On the Road
His language was melodious and slow. He was patient. His charge was a sixteen-year-old tall blond kid, also in hobo rags; that is to say, they wore old clothes that had been turned black by the soot of railroads and the dirt of boxcars and sleeping on the ground. The blond kid was also quiet and he seemed to be running away from something, and it figured to be the law the way he looked straight ahead and wet his lips in worried thought. (I.4.9)
"You got any money?" he said to me.
"Hell no, maybe enough for a pint of whisky till I get to Denver. What about you?"
"I know where I can get some."
"Anywhere. You can always folly a man down an alley, can’t you?" (I.4.10-I.4.14)
These barracks were for the temporary quartering of overseas construction workers. The men who came through stayed there, waiting for their ship. Most of them were bound for Okinawa. Most of them were running | away from something - usually the law. There were tough groups from Alabama, shifty men from New York, all kinds from all over. And, knowing full well how horrible it would be to work a full year in Okinawa, they drank. The job of the special guards was to see that they didn’t tear the barracks’ down. We had our headquarters in the main building, just a wooden contraption with panel-walled offices. Here at a rolltop desk we sat around, shifting our guns off our hips and! yawning, and the old cops told stories.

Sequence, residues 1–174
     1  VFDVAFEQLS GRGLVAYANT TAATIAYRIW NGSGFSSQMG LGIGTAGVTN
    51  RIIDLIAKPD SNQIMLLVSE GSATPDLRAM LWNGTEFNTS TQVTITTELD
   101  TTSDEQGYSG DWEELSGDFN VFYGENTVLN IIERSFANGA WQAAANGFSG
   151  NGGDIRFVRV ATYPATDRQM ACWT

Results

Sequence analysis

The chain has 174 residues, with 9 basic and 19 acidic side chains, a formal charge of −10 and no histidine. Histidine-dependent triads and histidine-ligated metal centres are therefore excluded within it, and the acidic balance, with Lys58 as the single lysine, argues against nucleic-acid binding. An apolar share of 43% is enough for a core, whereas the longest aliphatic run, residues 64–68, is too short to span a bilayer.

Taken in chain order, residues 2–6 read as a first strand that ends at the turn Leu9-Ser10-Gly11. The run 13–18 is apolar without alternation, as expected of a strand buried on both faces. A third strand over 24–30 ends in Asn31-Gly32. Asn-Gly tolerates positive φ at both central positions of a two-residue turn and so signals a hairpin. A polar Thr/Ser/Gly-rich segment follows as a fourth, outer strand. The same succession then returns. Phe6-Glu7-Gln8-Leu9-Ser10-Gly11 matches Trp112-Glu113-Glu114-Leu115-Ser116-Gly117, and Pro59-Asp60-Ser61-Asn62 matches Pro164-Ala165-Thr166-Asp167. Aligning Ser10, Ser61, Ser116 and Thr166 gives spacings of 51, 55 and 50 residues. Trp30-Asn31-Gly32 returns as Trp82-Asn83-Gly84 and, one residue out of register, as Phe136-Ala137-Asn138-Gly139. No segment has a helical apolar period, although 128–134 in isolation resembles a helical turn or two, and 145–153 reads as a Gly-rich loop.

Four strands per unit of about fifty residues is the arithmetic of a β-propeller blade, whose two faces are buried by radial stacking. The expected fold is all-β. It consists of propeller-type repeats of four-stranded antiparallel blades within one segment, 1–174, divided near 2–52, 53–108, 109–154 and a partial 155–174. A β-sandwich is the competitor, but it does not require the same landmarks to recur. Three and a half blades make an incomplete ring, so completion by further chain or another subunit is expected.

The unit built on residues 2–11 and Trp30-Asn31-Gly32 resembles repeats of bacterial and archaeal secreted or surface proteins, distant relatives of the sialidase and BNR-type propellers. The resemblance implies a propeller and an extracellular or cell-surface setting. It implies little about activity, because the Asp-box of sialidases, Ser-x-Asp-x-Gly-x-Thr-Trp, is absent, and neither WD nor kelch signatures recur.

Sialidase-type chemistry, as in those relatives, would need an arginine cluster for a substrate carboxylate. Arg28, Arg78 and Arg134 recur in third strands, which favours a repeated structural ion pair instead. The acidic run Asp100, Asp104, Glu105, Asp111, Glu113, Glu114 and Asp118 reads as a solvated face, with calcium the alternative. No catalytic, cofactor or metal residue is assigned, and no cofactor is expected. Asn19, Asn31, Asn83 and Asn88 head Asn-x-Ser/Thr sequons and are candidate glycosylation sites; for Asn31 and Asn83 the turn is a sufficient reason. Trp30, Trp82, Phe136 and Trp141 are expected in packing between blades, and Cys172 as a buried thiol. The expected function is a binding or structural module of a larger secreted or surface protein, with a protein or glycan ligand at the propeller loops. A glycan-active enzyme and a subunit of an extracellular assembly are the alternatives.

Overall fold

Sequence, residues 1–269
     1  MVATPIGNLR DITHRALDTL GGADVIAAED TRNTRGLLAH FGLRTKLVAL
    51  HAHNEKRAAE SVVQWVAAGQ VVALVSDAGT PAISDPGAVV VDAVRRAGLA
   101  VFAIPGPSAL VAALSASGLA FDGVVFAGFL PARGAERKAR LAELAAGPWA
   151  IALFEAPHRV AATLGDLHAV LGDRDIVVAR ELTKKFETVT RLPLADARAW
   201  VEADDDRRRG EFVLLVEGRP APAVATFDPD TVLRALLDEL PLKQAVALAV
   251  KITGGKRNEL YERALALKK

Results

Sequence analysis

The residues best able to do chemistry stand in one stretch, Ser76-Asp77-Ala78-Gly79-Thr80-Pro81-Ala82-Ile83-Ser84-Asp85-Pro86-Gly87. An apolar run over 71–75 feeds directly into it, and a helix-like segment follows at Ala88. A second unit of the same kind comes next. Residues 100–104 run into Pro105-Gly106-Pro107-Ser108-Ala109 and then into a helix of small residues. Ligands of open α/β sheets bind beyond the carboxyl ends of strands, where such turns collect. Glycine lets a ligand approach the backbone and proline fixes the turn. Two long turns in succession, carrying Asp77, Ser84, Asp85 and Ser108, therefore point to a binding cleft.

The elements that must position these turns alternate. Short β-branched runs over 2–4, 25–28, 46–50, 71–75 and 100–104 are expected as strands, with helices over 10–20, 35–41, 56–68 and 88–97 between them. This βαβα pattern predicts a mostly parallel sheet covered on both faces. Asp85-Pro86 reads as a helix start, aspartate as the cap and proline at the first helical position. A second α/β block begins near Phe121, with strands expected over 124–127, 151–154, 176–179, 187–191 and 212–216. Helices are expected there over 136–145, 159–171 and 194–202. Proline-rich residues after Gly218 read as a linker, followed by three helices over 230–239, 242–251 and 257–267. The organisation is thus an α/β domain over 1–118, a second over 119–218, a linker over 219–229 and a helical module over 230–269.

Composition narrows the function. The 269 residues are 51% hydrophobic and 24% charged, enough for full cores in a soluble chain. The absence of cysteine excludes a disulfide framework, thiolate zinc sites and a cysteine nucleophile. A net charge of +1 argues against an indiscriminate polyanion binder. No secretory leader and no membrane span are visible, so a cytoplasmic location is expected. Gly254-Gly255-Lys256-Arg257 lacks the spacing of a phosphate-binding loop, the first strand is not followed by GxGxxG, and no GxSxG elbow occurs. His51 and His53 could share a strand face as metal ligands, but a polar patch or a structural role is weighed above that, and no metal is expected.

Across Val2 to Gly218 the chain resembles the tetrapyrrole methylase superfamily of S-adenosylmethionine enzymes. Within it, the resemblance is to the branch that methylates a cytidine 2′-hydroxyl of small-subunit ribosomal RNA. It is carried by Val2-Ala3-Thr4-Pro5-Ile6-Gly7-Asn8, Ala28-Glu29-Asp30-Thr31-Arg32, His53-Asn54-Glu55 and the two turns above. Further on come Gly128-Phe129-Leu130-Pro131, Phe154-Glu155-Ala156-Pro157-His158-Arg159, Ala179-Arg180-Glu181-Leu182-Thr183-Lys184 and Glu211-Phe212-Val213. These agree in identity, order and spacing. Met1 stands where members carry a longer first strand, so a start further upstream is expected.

It was a horrible crew of men, men with cop-souls, all except Remi and myself. Remi was only trying to make a living, and so was I, but these men wanted to make arrests and compliments from the chief of police in town. They even said that if you didn’t make at least one a month you’d be fired. I gulped at the prospect of making an arrest. What actually happened was that I was as drunk as anybody in the barracks -the night all hell broke loose. (I.11.17, I.17.18)